The JPHC Study was initiated in 1990 (Cohort I) and 1993 (Cohort II) in 9 public health centers.6 Serum glucose data from the baseline survey were available for 10 560 men and 19 241 women aged 40 to 69 years and for another 3098 men and 4168 women from the 5-year follow-up survey of Cohort I in 1995 and of Cohort II in 1998. Excluded from analysis were persons who reported having cardiovascular disease (n=565) or cancer (n=845) at baseline. The subjects were followed up until the end of 2004. The study protocol was approved by the Institutional Review Board of the National Cancer Center, Tokyo, Japan.
Baseline Survey and Confirmation of Stroke Incidence
The study protocols and stroke surveillance have been described in detail elsewhere.6,7 Diabetes mellitus was defined as a fasting glucose level of ≥7.0 mmol/L or a nonfasting glucose level ≥11.0 mmol/L or use of medication for diabetes mellitus with corresponding values for normal glucose level of <6.1 mmol/L or <7.8 mmol/L and for borderline diabetes mellitus of 6.1 to 6.9 mmol/L or 7.8 to 11.0 mmol/L.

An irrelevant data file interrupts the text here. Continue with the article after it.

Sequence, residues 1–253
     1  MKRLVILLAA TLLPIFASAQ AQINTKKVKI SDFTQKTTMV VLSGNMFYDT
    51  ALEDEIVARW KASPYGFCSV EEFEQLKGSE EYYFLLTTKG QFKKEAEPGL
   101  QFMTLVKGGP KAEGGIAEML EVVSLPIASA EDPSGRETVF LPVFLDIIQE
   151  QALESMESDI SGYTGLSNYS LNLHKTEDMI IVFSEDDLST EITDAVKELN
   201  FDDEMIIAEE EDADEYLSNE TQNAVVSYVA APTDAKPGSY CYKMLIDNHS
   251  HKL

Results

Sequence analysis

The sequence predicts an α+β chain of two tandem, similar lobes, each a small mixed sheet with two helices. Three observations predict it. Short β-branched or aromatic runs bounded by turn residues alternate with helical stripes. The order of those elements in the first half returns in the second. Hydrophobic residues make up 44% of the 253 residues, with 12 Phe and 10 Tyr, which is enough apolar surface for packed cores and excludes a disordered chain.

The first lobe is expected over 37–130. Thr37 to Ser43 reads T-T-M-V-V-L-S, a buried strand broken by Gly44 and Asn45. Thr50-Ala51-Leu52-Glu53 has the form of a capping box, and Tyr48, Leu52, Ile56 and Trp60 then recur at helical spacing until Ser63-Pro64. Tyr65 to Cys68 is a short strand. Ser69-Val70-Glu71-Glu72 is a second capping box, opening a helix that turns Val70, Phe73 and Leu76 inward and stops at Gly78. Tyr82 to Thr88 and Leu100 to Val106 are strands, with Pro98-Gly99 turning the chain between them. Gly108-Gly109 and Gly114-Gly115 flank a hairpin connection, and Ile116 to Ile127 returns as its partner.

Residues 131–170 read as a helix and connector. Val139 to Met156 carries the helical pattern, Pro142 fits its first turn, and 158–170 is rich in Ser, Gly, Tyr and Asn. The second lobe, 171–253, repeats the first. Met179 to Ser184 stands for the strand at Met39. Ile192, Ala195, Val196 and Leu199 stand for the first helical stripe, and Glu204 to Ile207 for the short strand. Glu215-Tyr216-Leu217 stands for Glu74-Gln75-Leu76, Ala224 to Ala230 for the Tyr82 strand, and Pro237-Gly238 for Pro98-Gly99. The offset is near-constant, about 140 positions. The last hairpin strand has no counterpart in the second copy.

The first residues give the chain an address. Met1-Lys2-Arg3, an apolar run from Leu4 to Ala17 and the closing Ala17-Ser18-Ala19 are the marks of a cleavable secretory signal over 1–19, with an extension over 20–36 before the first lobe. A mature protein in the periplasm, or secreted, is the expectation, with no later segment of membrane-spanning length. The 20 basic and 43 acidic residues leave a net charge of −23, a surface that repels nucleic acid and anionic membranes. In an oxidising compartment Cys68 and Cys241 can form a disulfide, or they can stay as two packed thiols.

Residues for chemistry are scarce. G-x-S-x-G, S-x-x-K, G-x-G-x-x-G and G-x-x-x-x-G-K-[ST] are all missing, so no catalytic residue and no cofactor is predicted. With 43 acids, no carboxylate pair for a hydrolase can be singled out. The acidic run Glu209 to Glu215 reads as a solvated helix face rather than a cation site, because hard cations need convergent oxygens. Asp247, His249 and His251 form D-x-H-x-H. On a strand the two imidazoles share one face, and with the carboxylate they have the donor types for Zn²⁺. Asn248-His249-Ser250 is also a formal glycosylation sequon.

For both fatal and nonfatal, stroke was confirmed by medical records according to the criteria of the National Survey of Stroke, which requires a constellation of neurological deficits of sudden or rapid onset lasting at least 24 hours or until death. Stroke events were classified as intraparenchymal hemorrhage, subarachnoid hemorrhage, ischemic stroke (lacunar, large-artery occlusive, and embolic infarction) primarily based of CT and/or MRI (97%).7 Only confirmed strokes were used for the analyses.
The hazard ratios (HRs) and 95% CIs for strokes according to serum glucose categories were calculated by using the Cox proportional hazards model. The confounding variables comprised age (year), smoking status (never, ex-, and current smoking: 1 to 19, 20 to 29, and ≥30 cigarettes/day), alcohol intake (never, ex-, and current drinking: ethanol intake <150, 150 to 299, 300 to 449, ≥450 g/week), quartiles of body mass index (kg/m2), systolic blood pressure (a single reading, mm Hg), quartiles of serum total and high-density lipoprotein cholesterol levels and triglycerides (mmol/L), antihypertensive medication use (yes), fasting status (<8 and ≥8 hours), and residential areas. SAS Version 9.13 was used for the statistical analyses (2-tailed).